As has been addressed on this San Joaquin County family law blog, child support is the payment of money from one parent to another for the support and maintenance of their shared children. Generally a noncustodial parent is required to provide child support; that is to say that if a child does not live with a parent or if a parent does not have physical custody of a child then that parent will be required to pay support for the child’s upbringing. Though both parents are generally expected to provide for their kids, custodial parents do so on a daily basis through physical contact with their children.
When a noncustodial parent is ordered to pay child support he or she is told how much money is required and how often it is to be paid. Child support is often set up as a recurring obligation, paid monthly at a set amount. However, individual orders or child support agreements may stipulate different terms and therefore individuals with questions about their particular obligations should speak with their family law attorneys about their particular issues.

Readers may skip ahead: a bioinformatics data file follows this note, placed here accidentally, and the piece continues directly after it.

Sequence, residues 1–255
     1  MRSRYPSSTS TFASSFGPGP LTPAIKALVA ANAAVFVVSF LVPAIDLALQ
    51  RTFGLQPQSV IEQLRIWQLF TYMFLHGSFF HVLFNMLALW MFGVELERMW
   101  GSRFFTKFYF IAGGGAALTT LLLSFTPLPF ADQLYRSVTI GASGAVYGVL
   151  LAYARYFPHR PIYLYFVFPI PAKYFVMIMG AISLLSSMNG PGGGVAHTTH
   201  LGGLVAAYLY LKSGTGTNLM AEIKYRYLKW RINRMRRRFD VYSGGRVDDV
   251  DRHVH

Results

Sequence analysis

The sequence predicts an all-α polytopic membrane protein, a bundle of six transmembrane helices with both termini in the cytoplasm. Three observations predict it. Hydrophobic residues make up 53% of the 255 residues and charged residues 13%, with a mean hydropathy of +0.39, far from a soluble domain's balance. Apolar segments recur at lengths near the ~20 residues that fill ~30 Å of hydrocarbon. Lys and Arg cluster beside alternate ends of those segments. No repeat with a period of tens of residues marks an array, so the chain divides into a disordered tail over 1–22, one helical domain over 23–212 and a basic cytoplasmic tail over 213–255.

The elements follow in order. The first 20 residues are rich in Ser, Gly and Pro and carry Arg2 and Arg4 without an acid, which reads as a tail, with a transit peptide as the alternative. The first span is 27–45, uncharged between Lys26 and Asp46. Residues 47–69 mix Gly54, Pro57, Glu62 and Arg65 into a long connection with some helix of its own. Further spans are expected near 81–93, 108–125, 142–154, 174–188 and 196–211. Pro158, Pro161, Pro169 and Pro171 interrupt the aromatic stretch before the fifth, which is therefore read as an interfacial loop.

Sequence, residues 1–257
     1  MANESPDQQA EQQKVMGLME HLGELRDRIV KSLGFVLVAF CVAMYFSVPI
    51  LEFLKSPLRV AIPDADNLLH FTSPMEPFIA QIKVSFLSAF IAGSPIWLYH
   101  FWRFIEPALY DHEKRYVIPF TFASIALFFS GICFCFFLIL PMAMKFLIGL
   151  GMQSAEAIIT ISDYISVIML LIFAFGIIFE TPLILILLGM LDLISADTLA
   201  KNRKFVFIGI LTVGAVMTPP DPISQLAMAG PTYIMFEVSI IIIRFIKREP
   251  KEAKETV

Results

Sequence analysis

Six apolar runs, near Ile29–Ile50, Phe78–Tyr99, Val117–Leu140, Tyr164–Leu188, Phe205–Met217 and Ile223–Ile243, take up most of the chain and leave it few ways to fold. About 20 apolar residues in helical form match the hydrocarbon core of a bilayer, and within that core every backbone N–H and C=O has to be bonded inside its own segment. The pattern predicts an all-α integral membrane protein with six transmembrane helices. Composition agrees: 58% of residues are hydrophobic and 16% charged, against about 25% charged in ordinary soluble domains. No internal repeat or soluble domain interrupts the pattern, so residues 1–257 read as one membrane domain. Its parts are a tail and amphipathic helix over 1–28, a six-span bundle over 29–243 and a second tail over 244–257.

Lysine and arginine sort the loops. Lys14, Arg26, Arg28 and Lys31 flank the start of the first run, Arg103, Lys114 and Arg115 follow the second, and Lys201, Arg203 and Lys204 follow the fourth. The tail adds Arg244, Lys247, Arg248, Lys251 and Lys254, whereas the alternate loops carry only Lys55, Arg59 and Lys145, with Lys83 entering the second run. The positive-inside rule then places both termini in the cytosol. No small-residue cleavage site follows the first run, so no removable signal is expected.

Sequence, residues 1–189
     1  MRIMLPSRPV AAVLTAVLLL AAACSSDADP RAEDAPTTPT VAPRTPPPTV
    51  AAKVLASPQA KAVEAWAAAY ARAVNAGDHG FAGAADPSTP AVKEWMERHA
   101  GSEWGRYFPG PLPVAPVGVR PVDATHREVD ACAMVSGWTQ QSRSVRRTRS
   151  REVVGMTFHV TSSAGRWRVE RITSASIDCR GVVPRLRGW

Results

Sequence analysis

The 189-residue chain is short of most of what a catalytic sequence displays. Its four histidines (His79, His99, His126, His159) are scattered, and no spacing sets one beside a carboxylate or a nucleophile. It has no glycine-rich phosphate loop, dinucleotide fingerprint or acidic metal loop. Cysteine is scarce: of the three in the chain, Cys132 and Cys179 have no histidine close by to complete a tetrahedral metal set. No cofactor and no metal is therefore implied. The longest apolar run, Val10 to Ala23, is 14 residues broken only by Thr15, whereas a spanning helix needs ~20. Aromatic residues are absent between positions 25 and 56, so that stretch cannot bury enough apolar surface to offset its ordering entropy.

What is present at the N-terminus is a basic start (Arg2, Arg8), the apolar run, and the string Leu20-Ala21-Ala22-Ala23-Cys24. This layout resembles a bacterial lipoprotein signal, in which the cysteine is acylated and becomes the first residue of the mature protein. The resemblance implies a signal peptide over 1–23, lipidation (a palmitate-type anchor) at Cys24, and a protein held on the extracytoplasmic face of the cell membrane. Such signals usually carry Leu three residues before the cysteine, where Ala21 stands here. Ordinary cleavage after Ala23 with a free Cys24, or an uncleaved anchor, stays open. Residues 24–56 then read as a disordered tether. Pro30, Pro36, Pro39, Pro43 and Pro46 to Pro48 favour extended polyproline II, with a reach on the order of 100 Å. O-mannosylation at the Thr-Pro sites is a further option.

If a parent who is required to pay child support falls behind on her obligation or stops making payments she may face enforcement efforts on the part of her child’s other parent. Enforcement can include but is not limited to garnishment of a parent’s wages, losses of certain licensures and legal privileges, and other penalties.
Some noncustodial parents may be eligible for the COAP program. COAP stands for Compromise of Arrears Program. Through the COAP program a parent may have his child support obligation reduced or eliminated. Individuals who wish to learn more about this option should speak with their legal counselors.
If a parent is behind on his child support or is consistently making delinquent payments he may wish to seek a modification to his child support order. A modification changes the terms of a child support plan and may result in an obligation that better accommodates a parent’s ability to provide for his or her children.